It’s not easy being smart. From ‘The Man Who Knew Infinity’ to ‘A Beautiful Mind’, cinema has a rich tradition of grappling with genius. The problem is, how do you communicate the nature of brilliance in a way that’s accessible to everyone?
By
Travis Johnson

24 Apr 2019 - 5:39 PM  UPDATED 25 Apr 2019 - 11:56 AM

Hitting SBS this week, The Man Who Knew Infinity is a portrait of genius under pressure, telling the story of real-life Indian mathematician Srinivasa Ramanujan (Dev Patel), who endured scathing racial prejudice while doing groundbreaking work at Cambridge University in the early 20th century.

Ramanujan was, without a doubt, a bona fide genius, but it’s extremely difficult to get across to an audience how such a mind, steeped in arcane knowledge and capable of incredible intuitive leaps, actually works, which can be a barrier to empathy for us poor “normal” folks who are here for a good time at the movies, not a treatise on theoretical mathematics. Writer and director Matthew Brown gets around this by focusing his narrative on Ramanujan’s personal drama, foregrounding the number-cruncher’s relationship with his mentor, G.H. Hardy (Jeremy Irons), and his tribulations at the hands of racist dons like Stephen Fry’s Sir Francis Spring.

It’s not the first film to do this, of course – we may not be able to grasp the cryptographical genius of Benedict Cumberbatch’s Alan Turing in 2014’s The Imitation Game, but we can certainly empathise with his personal struggles with acknowledging his homosexuality and the sheer, awful injustice of his prosecution for Gross Indecency, especially since he pretty much single-handedly shortened World War II by several years by cracking the German Enigma Codes.

Similarly, you have to be smarter than the average bear to really contend with Stephen Hawking’s ideas – there’s a reason he was the most famous thinker since Albert Einstein. So, while The Theory of Everything (also released in 2014 – it was a big year for smart guy biopics) employs the odd visual flourish, such as swirled milk in a cup of coffee as a metaphor for Hawking’s theories on time:

…it’s far more interested in the relationship between Hawking and his wife, Jane (Felicity Jones) – and his battle with Motor Neurone Disease, of course. And who can blame director James Marsh and screenwriter Anthony McCarten? Extremely smart people are hard to read, and hard to write about – it’s no insult to say that both men, although highly skilled in their own way, probably fall a fair bit short of Hawking in the brains stakes, and writing from the point of view of someone incontrovertibly smarter than you is incredibly challenging.

Perhaps that’s why Peter Shaffer, the playwright who adapted his own play for director Milos Forman, makes Mozart a supporting character in his own movie. 1984’s Amadeus puts us in the shoes of the jealous and Machiavellian composer Antonio Salieri (F. Murray Abraham), whose jealousy of the effortlessly amazing Wolfgang Amadeus Mozart (Tom Hulce) is the engine of the film. After all, who hasn’t been envious of the talented?

Occasionally we get a film that takes a real stab at putting us into the mind of a genius and showing us – or at least translating for us, using the language of cinema – the way they see the world. Director Julian Schnabel’s At Eternity’s Gate (2018), a biopic of doomed painter Vincent Van Gogh (Willem Dafoe) is a bit of a dirge, as you might expect, but director of photography Benoît Delhomme does a wonderful job of showing us how the great artist saw the world, imbuing his filmed images with a colour palette and textures that echo Van Gogh’s painting technique.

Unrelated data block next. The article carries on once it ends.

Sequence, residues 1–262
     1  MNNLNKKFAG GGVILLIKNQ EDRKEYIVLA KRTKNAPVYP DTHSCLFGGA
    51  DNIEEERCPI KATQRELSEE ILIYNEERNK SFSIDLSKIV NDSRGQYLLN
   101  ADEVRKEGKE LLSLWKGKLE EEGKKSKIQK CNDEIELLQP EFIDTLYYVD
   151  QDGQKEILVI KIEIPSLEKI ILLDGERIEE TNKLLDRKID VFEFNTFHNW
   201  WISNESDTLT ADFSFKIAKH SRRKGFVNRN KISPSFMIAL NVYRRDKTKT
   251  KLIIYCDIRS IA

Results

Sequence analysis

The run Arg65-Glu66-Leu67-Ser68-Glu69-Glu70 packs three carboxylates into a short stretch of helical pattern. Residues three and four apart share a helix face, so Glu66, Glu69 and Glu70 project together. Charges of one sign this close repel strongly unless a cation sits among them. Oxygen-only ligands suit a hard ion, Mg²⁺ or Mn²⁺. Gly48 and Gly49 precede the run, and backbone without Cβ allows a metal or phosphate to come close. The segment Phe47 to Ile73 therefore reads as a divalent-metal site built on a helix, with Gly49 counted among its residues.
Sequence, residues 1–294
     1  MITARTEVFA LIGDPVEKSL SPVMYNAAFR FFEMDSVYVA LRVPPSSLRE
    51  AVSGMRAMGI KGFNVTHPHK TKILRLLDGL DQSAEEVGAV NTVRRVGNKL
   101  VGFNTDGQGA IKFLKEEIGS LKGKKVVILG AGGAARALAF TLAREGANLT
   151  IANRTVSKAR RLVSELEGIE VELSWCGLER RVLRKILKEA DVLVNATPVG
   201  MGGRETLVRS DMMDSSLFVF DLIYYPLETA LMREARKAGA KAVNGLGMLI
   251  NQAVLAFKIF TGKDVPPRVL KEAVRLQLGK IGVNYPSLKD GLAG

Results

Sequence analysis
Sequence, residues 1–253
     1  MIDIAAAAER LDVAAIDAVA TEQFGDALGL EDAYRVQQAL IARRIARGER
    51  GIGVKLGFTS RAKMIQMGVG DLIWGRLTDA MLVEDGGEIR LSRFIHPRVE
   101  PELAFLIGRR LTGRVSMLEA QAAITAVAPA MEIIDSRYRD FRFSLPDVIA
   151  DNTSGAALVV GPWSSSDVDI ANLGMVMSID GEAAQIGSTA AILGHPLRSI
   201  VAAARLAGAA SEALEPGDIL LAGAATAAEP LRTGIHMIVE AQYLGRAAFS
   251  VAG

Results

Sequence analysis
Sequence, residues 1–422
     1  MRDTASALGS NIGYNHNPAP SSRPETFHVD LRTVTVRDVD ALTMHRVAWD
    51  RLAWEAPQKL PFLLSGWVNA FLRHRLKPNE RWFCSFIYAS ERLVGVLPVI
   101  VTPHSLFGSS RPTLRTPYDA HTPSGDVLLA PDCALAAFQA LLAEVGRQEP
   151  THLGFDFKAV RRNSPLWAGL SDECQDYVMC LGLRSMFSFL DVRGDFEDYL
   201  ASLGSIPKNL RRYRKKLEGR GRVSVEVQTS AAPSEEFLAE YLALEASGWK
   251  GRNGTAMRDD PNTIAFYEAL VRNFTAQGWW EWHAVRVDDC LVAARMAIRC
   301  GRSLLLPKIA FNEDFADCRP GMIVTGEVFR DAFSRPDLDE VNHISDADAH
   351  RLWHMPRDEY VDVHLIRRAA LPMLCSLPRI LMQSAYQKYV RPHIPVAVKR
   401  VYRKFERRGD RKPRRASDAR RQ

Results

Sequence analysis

Interview: Willem Dafoe talks 'At Eternity's Gate'

And then there’s Ron Howard’s 2001 biopic of mathematician John Nash (Russell Crowe), A Beautiful Mind, which not only tries to depict his worldview with a range of arresting lighting effects, but also dramatises the symptoms of the schizophrenia that plagued him for his entire life, making the familiar claim that the line between genius and insanity is a thin one.

Of course, there’s an easier path than trying to depict the inner workings of a real life boffin, and that’s to employ a fictional one. Director Guy Ritchie’s 2009 film Sherlock Holmes mostly functions as a gritty update of Sir Arthur Conan Doyle’s famed sleuth, here played by Robert Downey Jr., but it goes to great lengths to show how quickly the detective’s mind works. This being a movie from the director of Lock, Stock, and Two Smoking Barrels and Snatch, it’s best explicated in a fight scene, where Holmes uses his big brain to completely disassemble his opponent in a bare-knuckle boxing match.

Who can say? Perhaps the real trick to depicting genius in cinema is to have Turing, Ramanujan and the rest crack a few skulls. Brilliance may be unknowable, but everyone understands a good right hook to the jaw.

 

Watch 'The Man Who Knew Infinity'

SBS Australia, Friday April 26 8.30pm 
United Kingdom, 2016
Genre: Drama
Language: [language]
Director: Matt Brown
Starring: Jeremy Irons, Dev Patel, Toby Jones, Stephen Fry
What's it about?
Growing up poor in Madras, India, Srinivasa Ramanujan Iyengar earns admittance to Cambridge University during WWI, where he becomes a pioneer in mathematical theories with the guidance of his professor, G.H. Hardy.

 

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